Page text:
Australian researchers develop 10-minute cancer test

Australian researchers develop 10-minute cancer test

Sina and his colleagues discovered that tiny molecules known as methyl groups spread throughout healthy cells.

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Relatively low-priced and simple testing was made possible due to the team's discovery of cancer DNA and normal DNA sticking to metal surfaces in very different ways, allowing development of a test which can distinguish between healthy cells and those that are cancerous, even from tiny traces of DNA that find their way into the bloodstream.

It is hoped that the new test will eventually be performed at the same time as routine blood tests, such as a cholesterol check - or even using a mobile phone app. The researchers dubbed this the cancer "methylscape", and they observed it in every type of breast cancer they studied, as well as in other cancer types, including prostate cancer, colorectal cancer and lymphoma.

Led by Matt Trau, a professor of chemistry at the University of Queensland, the researchers have run the test on 200 human cancer samples and healthy DNA.

Currently, the researchers are working with the university's commercialization company, UniQuest, to develop and license the technology; they plan to assess its use in detecting different cancer types across all stages from different bodily fluids as well as in gauging responses to treatment.

To test for cancer today, doctors must collect a tissue biopsy from a patient's suspected tumour.

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According to scientists at the University of Queensland, the test works by using DNA samples to determine which cells are malignant and which ones are healthy. "This is just a way of getting early detection".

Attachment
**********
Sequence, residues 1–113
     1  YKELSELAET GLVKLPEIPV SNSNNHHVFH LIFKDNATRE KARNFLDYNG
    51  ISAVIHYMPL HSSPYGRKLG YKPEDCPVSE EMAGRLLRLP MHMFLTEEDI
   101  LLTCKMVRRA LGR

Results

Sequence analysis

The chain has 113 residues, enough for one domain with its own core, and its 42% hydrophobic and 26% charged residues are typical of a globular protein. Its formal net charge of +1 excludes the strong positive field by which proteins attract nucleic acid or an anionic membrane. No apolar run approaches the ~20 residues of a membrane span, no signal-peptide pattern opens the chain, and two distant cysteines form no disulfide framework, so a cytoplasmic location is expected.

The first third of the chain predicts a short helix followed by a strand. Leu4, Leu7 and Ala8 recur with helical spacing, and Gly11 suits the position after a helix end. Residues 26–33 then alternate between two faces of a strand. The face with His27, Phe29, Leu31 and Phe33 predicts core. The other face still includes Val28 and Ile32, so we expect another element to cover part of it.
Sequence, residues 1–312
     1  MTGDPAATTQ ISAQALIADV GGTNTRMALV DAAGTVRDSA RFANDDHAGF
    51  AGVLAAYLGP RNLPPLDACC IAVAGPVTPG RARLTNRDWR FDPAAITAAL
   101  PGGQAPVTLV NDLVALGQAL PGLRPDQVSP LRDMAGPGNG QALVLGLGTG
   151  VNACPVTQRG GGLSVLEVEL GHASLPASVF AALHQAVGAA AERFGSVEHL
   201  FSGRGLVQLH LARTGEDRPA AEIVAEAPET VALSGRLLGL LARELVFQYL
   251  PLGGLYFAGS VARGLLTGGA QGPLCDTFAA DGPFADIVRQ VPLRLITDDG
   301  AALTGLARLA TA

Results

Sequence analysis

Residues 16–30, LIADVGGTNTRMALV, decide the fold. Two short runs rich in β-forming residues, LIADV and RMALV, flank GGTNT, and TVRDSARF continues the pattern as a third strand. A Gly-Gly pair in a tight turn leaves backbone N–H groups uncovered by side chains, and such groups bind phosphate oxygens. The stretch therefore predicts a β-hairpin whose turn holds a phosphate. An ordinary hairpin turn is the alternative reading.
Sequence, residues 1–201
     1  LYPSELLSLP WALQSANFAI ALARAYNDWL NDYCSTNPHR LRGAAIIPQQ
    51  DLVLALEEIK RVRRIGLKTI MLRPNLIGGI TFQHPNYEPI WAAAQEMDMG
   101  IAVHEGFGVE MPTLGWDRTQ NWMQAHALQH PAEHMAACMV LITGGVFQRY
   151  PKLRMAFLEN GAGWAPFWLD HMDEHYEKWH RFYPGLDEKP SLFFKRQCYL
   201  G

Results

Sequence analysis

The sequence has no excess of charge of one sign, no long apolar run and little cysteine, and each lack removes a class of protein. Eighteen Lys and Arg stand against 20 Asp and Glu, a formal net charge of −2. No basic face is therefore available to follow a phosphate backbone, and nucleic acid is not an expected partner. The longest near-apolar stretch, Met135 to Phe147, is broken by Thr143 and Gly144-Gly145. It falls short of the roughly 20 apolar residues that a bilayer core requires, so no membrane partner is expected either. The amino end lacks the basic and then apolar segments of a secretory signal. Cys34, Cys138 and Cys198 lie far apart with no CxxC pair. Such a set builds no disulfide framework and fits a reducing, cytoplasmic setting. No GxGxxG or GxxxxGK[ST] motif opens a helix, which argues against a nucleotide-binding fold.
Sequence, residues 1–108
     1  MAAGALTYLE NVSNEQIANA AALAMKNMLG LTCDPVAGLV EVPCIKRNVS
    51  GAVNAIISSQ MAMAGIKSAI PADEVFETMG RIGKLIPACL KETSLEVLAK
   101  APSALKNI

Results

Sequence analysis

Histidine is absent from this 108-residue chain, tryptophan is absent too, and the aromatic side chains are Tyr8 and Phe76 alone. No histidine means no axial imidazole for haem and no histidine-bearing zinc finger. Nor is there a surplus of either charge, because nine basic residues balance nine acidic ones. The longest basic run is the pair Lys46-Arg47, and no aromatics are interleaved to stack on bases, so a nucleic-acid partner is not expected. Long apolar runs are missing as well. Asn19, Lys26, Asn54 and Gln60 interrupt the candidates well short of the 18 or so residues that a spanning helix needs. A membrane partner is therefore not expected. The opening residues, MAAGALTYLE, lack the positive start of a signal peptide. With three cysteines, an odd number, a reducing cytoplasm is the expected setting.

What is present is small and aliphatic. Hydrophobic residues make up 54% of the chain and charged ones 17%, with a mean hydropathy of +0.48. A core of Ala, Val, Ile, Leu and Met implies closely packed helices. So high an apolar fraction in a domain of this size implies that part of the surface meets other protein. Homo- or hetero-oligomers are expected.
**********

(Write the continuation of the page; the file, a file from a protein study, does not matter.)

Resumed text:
The test they've developed involves extracting purified DNA from blood or tissue and then adding it to a gold particle solution to see how well it binds.

Cancer blood tests became possible after scientists realised the importance of DNA released when cancer cells die, which is carried in the bloodstream.

The test has 90 per cent sensitivity, which means that it would be able to trace cancerous elements in 90 out of 100 cases. When the DNA from cancers cells was added, the water retains its color.

To understand how the test works, Dr. Sina says to think of DNA as a Christmas tree, and the methyl groups on its surface as the ornaments on the tree.

"We certainly don't know yet whether it's the Holy Grail or not for all cancer diagnostics", Trau stated, "but it looks really interesting as an incredibly simple universal marker of cancer, and as a very accessible and affordable technology that does not require complicated lab-based equipment like DNA sequencing".

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